Calonectris diomedea borealis breeds in the northeast Atlantic Ocean and is the much more common subspecies in this region. It is characterized by dark undersides of the primaries and averages heftier in structure.
Calonectris diomedea diomedea (AKA 'Scopoli's' Shearwater) breeds in the Mediterranean and is usually greatly outnumbered by borealis in these parts. It shows quite a bit of white bleeding onto the underside of the primaries, including p10.
It is important to know that field identification of these forms (considered separate species by some authorities) is still being worked out. I certainly struggle with some individuals, while others fit pretty neatly into one form or the other (based on current knowledge, anyway). The bulky birds with little/no white on the underside of the primaries we pretty comfortably call borealis. On the flip side, whenever I see a slender, narrow-winged Cory's winging by, it pretty much always reveals quite a bit of white on the primaries when it banks. Those we call diomedea. But there are some birds on which I'm not comfortable putting a label; they tend to be birds that appear large or intermediate in size with some white bleeding onto those primaries. Are these borealis showing variation? Are they intergrades? Is there another explanation?
Last weekend I did some fishing south of Montauk, NY and came across quite a few Cory's Shearwaters. Though I was multi-tasking at the time thus not able to scour the Cory's as I would normally, I was seeing more birds with white on the primaries than without - the opposite of what I'm used to seeing around here. Over several hours, with a chum slick out, I was able to snap off photos of the occasional Cory's that came through. In this particular area, about 20 miles from Montauk, Scopoli's-types out numbered borealis. There were a couple intermediates. Here is a selection of record photos from that day illustrating the variation in underwing pattern of COSH, from least white to most white. I did not get any shots of birds completely lacking white, which is surprising.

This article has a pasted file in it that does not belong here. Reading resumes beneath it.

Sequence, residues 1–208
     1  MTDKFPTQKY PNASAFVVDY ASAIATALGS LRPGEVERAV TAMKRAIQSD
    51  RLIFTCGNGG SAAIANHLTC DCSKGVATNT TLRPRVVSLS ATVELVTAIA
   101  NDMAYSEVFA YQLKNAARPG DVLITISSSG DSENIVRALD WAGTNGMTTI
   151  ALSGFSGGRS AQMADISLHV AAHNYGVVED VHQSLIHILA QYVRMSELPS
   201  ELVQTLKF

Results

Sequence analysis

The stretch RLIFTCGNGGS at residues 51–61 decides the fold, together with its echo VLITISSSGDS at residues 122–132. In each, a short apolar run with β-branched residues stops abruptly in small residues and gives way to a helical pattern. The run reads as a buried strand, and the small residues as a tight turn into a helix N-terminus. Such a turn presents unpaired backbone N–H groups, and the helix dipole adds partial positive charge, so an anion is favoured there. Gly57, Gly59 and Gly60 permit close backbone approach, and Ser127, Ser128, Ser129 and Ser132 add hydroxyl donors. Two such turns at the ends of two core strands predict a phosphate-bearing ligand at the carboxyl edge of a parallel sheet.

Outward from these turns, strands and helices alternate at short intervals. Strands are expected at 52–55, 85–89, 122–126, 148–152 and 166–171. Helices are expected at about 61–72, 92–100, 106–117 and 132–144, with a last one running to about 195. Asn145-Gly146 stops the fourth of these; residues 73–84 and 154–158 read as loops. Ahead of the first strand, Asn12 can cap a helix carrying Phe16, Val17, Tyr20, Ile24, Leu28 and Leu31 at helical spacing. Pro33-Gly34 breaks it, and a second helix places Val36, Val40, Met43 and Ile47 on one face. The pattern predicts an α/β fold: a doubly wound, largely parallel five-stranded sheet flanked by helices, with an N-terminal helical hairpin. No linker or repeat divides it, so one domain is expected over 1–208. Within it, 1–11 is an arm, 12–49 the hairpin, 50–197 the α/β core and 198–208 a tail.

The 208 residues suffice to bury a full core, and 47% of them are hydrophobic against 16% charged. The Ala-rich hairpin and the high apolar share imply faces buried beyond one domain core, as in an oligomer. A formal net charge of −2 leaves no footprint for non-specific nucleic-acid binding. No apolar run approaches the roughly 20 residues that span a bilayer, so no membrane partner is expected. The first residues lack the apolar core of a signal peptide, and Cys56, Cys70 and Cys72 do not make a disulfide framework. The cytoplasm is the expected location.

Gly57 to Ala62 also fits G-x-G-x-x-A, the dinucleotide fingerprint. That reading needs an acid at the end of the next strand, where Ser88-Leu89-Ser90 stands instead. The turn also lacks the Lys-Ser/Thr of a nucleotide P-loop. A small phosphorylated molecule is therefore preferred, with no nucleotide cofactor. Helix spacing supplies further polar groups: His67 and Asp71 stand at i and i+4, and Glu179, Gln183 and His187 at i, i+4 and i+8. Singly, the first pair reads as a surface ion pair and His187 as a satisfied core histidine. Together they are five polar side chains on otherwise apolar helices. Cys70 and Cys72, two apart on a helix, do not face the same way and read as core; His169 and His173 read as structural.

|this and the bird above are the same individual|
You wonder why there was so much white on the underwing in this particular group of birds. Was it just by chance that we fished around birds that had traveled from the Mediterranean region that day? Is this a particularly 'good' year for Scopoli's Shearwater in our waters? Are Mediterranean birds more likely to investigate the scent of a chum slick (as pointed out to me by Kate Sutherland, Scopoli's do appear to be more likely to linger in the chum slick and closer to the boat than borealis)?
We are early in the local pelagic birding season, so I will be interested to see the ratios that are reported from our waters as the year progresses.
While I'm at it, here are some other photos from the same day. Seabirds were not terribly numerous, but there were always birds in sight. A few common shorebirds were seen and heard migrating offshore. The most surprising sighting of the day came in the form of an adult male Brown-headed Cowbird that circled the boat a few times - not something you expect to see in mid-July some 20 miles offshore.
|Cory's (left) and Great Shewarwaters|